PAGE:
Georgia CTSA Provides Valuable Research Ethics Consulting

researchers discussing dilemma
Dr. Rebecca D. Pentz (left) meeting with investigators. Photo Credit: Jack Kearse, Emory University

“A Georgia CTSA research ethics consultation is free, easy, confidential, and non-committal. You’re simply talking to a colleague. A researcher can even text me for an opinion,” says Rebecca D. Pentz, PhD.

Trained first as a philosopher and coupled with decades of experience in clinical and research ethics, Rebecca D. Pentz, PhD, Georgia CTSA Research Ethicist and Professor of Hematology and Oncology in Research Ethics, Winship Cancer Institute, shares her expertise with investigators regarding ethical issues in their research. One of Dr. Pentz’s opinions was published in September 2021 on the blog of ECOG-ACRIN, a National Cancer Institute-sponsored group. She offered her ethical opinion on certain aspects of sharing trial results. This opinion germinated from a talk she gave for a National Academy of Sciences workshop. Afterward, a patient advocate asked whether participants should know the arm to which they are assigned in a randomized clinical trial. Pentz wrote a detailed opinion which was then published in this blog.

Dr. Pentz is one of the primary ethicists of the Georgia CTSA Regulatory Knowledge and Support program that provides the Georgia CTSA and Winship Cancer Institute’s Ethics Consultation service to investigators. This service is designed to assist faculty, staff, and students at Emory, Georgia Tech, MSM, and UGA. The ethics team handles issues throughout the research process, including questions on protocol design, informed consent, and ethical questions that arise throughout the study. 

When describing the range of issues the team has addressed, Dr. Pentz says, “We’ve handled questions around the design of the trial and issues that arise during implementation. Researchers have asked for help in dealing with incidental findings when they find something they didn’t expect. There have been discussions related to issues in publication, co-authors, and grant review questions that had ethical implications. We even helped write a response when a grant reviewer accused the grant applicant of being unethical. It was clear the reviewer didn’t understand the ethical principles for this particular kind of trial, so we wrote the response.”

Dr. Pentz stresses the ease of working with the ethics team. She often takes questions from researchers by text or email, and all questions are anonymous and replies are confidential. This ethics consultation is free to any investigator and provides a recommendation which the investigator can then consider as they make their final study decisions. These research ethicists can also refer investigators to a clinical ethicist or the IRB, if more appropriate.

The Ethics Consulting group includes Dr. Pentz and several other leading ethicists that provide a wide breadth and depth of knowledge and experience. “One of the strengths of our team is the different capabilities and backgrounds that we each bring to a case. I am a PhD in philosophy, while Dr. Dickert is a cardiologist who speaks expertly on both a case’s medical and ethical issues. Dr. Borenstein brings his biomedical experience, Dr. Vong has a focus on philosophical bioethics, and Dr. Banja’s research interests are patient safety ethics, artificial intelligence, forensic ethics, and neuroethics. All of these different skill sets and interests come together to help us provide a balanced, informed response to our investigators,” remarks Dr. Pentz.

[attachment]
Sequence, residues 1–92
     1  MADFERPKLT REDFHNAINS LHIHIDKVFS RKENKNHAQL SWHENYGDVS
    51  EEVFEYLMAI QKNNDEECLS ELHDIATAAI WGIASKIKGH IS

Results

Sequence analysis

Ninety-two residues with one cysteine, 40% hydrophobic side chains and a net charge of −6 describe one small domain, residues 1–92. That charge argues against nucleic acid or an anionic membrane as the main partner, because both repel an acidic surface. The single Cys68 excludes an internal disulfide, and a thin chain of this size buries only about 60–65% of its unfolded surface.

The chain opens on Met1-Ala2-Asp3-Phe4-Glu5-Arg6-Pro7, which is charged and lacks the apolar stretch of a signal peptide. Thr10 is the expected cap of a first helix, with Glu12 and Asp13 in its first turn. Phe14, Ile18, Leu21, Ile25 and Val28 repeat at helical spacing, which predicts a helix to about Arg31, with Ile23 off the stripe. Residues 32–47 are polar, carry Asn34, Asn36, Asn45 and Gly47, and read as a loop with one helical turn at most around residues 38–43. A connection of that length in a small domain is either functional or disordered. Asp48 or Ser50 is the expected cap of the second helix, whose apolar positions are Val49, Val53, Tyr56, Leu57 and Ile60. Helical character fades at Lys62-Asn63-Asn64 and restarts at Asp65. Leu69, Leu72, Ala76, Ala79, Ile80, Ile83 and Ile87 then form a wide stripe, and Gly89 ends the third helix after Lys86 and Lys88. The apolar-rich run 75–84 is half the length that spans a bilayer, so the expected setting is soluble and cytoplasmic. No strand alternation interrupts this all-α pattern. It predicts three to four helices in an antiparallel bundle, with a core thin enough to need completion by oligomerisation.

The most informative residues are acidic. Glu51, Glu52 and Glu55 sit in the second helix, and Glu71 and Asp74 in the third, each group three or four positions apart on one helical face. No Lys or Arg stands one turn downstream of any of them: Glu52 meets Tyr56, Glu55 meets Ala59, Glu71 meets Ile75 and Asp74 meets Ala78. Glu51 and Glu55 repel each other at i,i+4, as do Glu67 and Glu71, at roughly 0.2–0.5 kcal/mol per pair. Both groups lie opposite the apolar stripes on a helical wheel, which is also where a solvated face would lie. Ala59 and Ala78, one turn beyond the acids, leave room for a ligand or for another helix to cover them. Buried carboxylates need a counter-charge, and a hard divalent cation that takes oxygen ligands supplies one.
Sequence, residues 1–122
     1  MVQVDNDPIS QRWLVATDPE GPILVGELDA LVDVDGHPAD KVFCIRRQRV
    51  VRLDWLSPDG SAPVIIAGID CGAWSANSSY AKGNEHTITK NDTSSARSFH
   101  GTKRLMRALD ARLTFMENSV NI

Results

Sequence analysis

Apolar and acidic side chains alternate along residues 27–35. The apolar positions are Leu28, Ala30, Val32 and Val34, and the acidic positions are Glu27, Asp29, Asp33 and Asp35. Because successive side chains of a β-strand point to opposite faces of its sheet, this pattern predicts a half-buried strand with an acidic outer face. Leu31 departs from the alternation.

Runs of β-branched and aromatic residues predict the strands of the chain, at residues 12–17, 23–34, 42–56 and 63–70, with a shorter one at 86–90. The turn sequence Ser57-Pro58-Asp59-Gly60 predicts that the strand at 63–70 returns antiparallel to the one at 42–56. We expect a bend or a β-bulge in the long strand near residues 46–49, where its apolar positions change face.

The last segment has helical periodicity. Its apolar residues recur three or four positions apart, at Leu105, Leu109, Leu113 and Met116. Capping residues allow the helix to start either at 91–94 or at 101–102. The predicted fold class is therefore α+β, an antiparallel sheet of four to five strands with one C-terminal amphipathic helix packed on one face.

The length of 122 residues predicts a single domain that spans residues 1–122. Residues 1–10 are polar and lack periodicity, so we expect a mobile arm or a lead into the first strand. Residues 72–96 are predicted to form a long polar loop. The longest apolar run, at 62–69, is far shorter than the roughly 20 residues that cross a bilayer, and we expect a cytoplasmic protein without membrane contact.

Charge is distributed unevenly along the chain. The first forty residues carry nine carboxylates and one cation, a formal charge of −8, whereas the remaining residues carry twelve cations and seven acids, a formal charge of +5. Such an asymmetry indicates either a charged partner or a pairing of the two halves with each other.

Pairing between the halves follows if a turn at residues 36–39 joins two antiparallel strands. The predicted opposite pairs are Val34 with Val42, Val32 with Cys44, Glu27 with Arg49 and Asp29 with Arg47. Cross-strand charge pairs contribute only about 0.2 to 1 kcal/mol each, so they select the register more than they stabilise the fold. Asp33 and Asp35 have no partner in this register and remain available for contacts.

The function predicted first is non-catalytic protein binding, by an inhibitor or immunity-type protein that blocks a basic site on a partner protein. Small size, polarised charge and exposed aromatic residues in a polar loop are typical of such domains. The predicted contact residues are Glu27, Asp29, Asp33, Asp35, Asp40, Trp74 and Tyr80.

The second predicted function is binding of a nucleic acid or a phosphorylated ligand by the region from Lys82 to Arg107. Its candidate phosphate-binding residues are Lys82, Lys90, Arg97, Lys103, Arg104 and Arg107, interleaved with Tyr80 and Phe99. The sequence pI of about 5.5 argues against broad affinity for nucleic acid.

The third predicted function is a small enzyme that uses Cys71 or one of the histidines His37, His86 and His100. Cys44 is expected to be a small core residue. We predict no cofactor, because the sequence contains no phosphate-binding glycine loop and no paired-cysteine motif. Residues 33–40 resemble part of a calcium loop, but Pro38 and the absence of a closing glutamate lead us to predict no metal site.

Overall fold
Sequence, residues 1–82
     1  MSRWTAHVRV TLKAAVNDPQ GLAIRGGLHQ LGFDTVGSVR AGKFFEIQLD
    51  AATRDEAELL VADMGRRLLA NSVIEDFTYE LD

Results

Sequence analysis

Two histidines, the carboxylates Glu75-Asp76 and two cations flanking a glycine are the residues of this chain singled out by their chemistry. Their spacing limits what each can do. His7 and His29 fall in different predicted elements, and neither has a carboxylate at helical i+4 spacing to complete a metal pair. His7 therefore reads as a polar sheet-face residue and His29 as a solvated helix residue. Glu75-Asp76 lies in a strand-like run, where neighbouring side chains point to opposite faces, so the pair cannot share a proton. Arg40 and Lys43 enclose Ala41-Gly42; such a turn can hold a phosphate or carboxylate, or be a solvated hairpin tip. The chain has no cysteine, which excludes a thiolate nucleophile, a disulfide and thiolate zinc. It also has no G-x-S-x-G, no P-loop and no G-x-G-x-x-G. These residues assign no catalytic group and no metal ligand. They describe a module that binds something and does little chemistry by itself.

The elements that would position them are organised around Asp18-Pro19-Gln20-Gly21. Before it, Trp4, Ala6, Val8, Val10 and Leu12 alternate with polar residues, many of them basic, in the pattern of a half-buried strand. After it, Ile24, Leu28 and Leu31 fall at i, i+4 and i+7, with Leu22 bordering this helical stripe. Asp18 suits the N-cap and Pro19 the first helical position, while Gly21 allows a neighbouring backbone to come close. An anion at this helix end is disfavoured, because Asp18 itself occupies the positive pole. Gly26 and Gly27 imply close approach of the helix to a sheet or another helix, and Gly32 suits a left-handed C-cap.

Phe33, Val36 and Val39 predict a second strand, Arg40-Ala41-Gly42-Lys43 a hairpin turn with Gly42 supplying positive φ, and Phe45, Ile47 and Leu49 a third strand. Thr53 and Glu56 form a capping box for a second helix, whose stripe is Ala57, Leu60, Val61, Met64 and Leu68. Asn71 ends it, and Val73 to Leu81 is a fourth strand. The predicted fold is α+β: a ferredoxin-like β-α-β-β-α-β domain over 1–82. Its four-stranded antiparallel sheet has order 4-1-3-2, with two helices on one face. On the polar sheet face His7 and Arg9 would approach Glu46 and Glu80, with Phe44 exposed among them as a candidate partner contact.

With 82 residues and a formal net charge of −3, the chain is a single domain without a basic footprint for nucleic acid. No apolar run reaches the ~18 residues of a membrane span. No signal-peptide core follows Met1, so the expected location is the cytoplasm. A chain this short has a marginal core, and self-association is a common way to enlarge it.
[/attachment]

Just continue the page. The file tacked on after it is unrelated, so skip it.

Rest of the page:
While the ethics group receives ongoing requests for opinions, the team has been consulted heavily during the pandemic. Dr. Pentz adds, “We were asked if children with cancer could be given priority to receive the COVID vaccine prior to its full regulatory approval. Two colleagues and I also served on a committee to develop triage allocation guidelines. The way the guidelines were originally written, cancer patients would be disadvantaged because their cancer would be considered a disability, which it isn’t. We worked hard to amend the guidelines and wrote an article to share our opinion that was published in the October 2020 issue of The Oncologist.”

The Ethics Consultation service is offered as one resource by Georgia CTSA’s Regulatory Knowledge and Support (RKS) program. RKS coordinates a wealth of resources for both new and experienced researchers to aid in navigating the regulatory and compliance process. Its services include a Coordinating Center to facilitate its use, guidelines on IRB use and partner reciprocity, a research toolkit, and opportunities for a Studio Consultation with in-house experts.

The Georgia CTSA is a statewide partnership between Emory, MSM, Georgia Tech, and UGA and is one of over 60 in a national consortium striving to improve the way biomedical research is conducted across the country. The consortium, funded through the National Center for Advancing Translational Sciences (NCATS) and the National Institutes of Health's Clinical and Translational Science Awards, shares a common vision to translate laboratory discoveries into treatments for patients, engage communities in clinical research efforts, and train the next generation of clinical investigators.